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Manufacturers Index - R. Hoe & Co.

R. Hoe & Co.
New York, NY, U.S.A.
Company Website: http://www.pacific-hoe.com/
Manufacturer Class: Wood Working Machinery, Metal Working Machinery & Steam and Gas Engines

Last Modified: Oct 18 2018 5:26PM by Jeff_Joslin
If you have information to add to this entry, please contact the Site Historian.
The R. Hoe & Co. works in New Yor. From April 1902 Canada Lumberman

This firm was founded in 1805 as Smith, Hoe & Co.; the principals were Robert Hoe and Matthew Smith, and they made wooden hand presses for printing. Early on they also got into the business of making handsaws. In 1822 Smith died and Hoe took over the company, changing the name to R. Hoe & Co.

By the 1830s the company was making circular sawblades, as well as "Wiswell's spoke machine" and a Hamilton's patent felly-sawing machine. Robert Hoe died in 1833 at age 51, and his eldest son, Richard M., took over the reins. Richard M. Hoe is supposed to have received an 1837 patent for a machine for grinding the faces of circular sawblades, but no such patent seems to exist. We did find an 1842 patent for improvements to such a machine, and that patent was reissued and extended, which implies that it was of some importance.

The patent record demonstrates, though, that sawblades were a relatively minor sideline to their main business of making high-speed printing presses, at which they were enormously successful. By the 1850s, R. Hoe & Co. dominated the pressrooms of the major newspapers of the U.S. and England.

At some point in their history—which extends to the present day—R. Hoe & Co. manufactured printers' tablesaws; although intended for cutting metal type, printers' saws are often useful for small-scale woodworking.

Information Sources

  • The University of Delaware has a collection of material on this company. Here is the biographical summary that accompanies the collection:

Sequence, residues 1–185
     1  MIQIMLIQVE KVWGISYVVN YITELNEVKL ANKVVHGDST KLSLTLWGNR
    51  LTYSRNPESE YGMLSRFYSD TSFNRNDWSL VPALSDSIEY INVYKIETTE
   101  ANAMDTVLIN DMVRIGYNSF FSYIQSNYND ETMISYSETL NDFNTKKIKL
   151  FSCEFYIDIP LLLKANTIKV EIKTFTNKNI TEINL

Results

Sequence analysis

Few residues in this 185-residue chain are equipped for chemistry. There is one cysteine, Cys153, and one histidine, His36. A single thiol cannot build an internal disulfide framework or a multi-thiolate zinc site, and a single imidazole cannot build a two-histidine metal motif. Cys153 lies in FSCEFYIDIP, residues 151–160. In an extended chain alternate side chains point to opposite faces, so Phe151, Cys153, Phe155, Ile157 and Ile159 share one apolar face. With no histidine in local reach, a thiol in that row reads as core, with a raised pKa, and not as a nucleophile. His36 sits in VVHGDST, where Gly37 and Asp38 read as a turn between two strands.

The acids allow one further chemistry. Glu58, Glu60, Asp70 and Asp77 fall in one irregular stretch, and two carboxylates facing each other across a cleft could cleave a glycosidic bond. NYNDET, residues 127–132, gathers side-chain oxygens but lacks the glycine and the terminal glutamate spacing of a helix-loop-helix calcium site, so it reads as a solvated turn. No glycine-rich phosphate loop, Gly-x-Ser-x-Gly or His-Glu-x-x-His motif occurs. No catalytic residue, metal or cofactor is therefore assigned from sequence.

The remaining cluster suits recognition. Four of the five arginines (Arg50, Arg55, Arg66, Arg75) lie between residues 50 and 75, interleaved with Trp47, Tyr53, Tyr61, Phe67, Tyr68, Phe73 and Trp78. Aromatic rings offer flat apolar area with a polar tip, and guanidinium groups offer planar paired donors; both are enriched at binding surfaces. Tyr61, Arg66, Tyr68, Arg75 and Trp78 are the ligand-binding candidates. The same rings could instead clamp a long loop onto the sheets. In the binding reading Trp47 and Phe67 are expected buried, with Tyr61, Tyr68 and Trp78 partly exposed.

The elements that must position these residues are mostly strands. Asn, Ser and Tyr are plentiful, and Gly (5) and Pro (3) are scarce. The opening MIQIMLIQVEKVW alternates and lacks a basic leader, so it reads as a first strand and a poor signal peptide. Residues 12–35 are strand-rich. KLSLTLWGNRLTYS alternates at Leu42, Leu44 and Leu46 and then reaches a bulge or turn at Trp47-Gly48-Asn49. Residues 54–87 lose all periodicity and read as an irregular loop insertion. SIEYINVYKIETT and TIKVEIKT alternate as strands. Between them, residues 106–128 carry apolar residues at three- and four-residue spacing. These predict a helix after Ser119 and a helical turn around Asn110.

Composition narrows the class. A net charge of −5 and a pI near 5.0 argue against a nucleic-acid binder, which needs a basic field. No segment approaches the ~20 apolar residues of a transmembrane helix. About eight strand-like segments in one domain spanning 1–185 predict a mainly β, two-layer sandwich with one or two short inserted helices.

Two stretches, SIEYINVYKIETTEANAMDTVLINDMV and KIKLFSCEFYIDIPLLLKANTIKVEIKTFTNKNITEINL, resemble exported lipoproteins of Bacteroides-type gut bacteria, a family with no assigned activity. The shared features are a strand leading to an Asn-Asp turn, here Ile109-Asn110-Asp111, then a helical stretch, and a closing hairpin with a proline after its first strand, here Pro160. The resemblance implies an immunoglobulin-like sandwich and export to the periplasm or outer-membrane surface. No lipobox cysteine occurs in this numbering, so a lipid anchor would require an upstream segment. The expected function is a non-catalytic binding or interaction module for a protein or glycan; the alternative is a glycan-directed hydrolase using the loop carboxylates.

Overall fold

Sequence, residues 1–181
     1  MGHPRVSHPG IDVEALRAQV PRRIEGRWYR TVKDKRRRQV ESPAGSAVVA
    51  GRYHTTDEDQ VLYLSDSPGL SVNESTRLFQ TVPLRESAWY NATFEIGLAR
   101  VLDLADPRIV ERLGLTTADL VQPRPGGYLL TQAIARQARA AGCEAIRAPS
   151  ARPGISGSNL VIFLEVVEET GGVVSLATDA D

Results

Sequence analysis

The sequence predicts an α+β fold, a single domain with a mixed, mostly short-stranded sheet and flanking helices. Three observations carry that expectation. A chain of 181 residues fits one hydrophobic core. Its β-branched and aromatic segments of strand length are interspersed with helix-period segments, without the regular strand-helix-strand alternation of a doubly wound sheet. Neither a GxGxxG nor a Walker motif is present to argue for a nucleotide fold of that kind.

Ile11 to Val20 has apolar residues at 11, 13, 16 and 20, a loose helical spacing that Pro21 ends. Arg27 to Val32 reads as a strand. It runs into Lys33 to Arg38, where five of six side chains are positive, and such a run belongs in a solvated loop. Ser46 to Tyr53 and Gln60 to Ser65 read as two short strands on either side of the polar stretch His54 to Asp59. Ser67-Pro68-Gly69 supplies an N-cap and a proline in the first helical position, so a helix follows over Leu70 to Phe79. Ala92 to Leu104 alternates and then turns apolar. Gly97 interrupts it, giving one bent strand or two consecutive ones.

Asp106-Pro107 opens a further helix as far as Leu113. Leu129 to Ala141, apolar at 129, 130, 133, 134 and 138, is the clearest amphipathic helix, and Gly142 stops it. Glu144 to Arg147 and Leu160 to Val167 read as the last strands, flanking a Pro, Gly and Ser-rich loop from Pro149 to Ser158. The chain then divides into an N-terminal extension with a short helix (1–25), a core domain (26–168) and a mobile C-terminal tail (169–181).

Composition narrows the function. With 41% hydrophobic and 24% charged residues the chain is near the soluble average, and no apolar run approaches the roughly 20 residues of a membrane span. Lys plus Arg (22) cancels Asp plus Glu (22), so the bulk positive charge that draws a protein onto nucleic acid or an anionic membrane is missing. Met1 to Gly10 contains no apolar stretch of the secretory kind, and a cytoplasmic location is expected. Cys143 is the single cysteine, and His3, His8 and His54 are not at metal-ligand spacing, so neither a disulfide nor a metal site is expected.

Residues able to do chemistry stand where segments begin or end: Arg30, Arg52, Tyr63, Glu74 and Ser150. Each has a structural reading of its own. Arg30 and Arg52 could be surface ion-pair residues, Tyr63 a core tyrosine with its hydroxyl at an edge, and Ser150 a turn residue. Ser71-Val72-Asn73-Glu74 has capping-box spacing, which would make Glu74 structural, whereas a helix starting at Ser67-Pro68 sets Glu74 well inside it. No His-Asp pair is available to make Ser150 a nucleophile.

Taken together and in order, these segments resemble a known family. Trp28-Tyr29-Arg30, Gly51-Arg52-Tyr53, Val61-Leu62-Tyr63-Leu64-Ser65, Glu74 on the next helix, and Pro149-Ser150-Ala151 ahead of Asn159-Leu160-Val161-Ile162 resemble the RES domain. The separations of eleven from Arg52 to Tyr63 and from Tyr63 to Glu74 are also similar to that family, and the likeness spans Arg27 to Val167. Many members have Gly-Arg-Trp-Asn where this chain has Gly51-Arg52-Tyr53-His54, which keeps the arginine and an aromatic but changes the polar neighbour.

Born in England in 1784, Robert Hoe studied carpentry before immigrating to the United States in 1803. Upon arrival, Hoe met Matthew Smith and together they formed Smith, Hoe & Company in 1805 in New York City, specializing in the manufacture of wooden hand presses. Due to the nature of the materials used, Smith and Hoe decided to incorporate saw-making into their business. Following the death of Smith, Hoe took over the company and changed its name to R. Hoe & Company in 1822. He continued to manufacture printing presses and along with his sons made numerous improvements upon existing machinery. In 1827, Hoe bought and improved Samuel Rust's patent for a wrought iron framed press and began manufacturing it as the 'Washington' press. After his death in 1833, his sons Richard and Robert overtook daily operation of the company and are credited with introducing various improvements and obtaining patents for these innovations. Consequently, R. Hoe & Company firmly established its products as superior to those of European design. Notable advances made by R. Hoe & Company included a mechanical sheet delivery system for fast cylinder presses, the rotary printing press, and the first type revolving presses. The work of R. Hoe & Company helped facilitate the rapid and cheap production of newspapers.

    In 1886, after the deaths of his father and his uncle, Robert Hoe III assumed control of the company. In the years following, he became better known for book collecting than for manufacturing. After his death in 1909, his son, Robert Hoe IV gained control but resigned by 1924. In that year the company was incorporated and a board of directors was announced. Robert Kelly was named president and the Hoe family no longer ran the company. During World War II, the company began to manufacture parts for weapons. After the war, however, the price of Hoe stock dropped and by 1969 the company was forced to claim bankruptcy. Throughout the 1970s, the Hoe factory was dismantled while the board focused on revitalizing the saw-making aspect of the company. In 1984, Pacific Saw and Knife Company purchased R. Hoe & Company and formed Pacific/Hoe Saw and Knife Company. It is still in operation today.

  • From the 1859 work, A biographical dictionary: comprising a summary account of the lives of the most distinguished persons of all ages, nations, and professions; including more than two thousand articles of American biography, by the Rev. John L. Blake, is the following biography.